The attack occurred in September, but was not reported until October 20. Cybersecurity experts shut down systems at the National Oceanic and Atmospheric Administration (NOAA) in order to conceal vital data related to disaster planning, aviation and shipping, among other uses.
An attempt to conceal the attacks?
Officials at the NOAA have been accused of a cover-up after failing to inform the proper authorities of the attack, instead claiming that it was undertaking “unscheduled maintenance.” It took until this Wednesday for NOAA spokesman Scott Mullen to acknowledge the attacks, however he declined to answer further questions.
However U.S. Rep. Frank Wolf (R-Va.) asked the NOAA for information following an inquiry from The Washington Post. It was confirmed to him that the attack came from China, but the agency did not specify what information was compromised or whether malware was installed on its system.
Commerce Department Inspector General Todd Zinser said that his agency was “in the process of looking into the matter, including why NOAA did not comply with the requirements to notify law enforcement about the incident.”
Satellite systems hacked by China: U.S. vulnerabilities
The web server attacked by the hackers had minimal security protections, likened by one source to protecting a house using “just a screen door.” Vulnerabilities at seemingly less important agencies could still have disastrous consequences, according to Jacob Olcott, a cybersecurity consultant for Good Harbor Security Risk Management and former Senate staffer on cybersecurity legislation.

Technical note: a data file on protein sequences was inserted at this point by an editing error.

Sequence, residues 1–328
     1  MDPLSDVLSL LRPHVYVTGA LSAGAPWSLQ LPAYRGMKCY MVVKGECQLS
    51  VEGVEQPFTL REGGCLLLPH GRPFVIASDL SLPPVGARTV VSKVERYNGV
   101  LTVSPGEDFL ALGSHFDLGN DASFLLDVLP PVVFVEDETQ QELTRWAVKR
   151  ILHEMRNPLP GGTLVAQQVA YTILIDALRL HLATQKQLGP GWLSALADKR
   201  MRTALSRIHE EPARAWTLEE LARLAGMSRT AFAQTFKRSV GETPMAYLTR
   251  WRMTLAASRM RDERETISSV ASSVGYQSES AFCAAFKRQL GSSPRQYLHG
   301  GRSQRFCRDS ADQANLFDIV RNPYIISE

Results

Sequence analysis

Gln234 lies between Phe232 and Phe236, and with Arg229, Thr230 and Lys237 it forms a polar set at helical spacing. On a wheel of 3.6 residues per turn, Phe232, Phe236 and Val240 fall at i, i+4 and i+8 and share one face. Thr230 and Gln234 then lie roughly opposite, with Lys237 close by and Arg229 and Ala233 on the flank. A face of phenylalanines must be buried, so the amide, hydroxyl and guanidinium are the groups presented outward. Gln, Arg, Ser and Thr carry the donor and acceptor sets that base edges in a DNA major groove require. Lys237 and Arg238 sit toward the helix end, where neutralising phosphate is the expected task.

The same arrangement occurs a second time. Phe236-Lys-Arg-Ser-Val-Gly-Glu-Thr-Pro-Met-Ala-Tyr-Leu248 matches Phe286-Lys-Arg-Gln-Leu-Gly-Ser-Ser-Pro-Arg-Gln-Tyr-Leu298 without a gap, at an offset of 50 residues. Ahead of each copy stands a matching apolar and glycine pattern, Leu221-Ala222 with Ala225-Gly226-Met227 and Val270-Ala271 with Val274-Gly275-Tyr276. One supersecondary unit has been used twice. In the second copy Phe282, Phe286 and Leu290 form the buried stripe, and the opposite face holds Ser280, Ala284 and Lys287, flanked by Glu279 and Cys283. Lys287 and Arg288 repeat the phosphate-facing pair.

U.S. Rep. Wolf also weighed in, claiming that hackers could steal information “that may not look significant until they’re put with something else and then they become valuable.”
It would appear that hackers are probing the U.S. system for weaknesses, following a string of attacks on federal systems, including a suspected Russian attack which breached unclassified White House networks.
Attacks have also targeted commercial entities, with the United States Postal Service recently confirming that employee data had been compromised in September after another suspected Chinese attack.
Confirmation that the NOAA attack was carried out by the Chinese could affect the U.S.-China climate change pact which was announced today. It is presumably a worry that any strengthening of bilateral cooperation could open up already weak U.S. security systems to further exploitation by the Chinese. It remains to be seen how President Obama reacts to this latest news of Chinese cyber attacks on federal systems.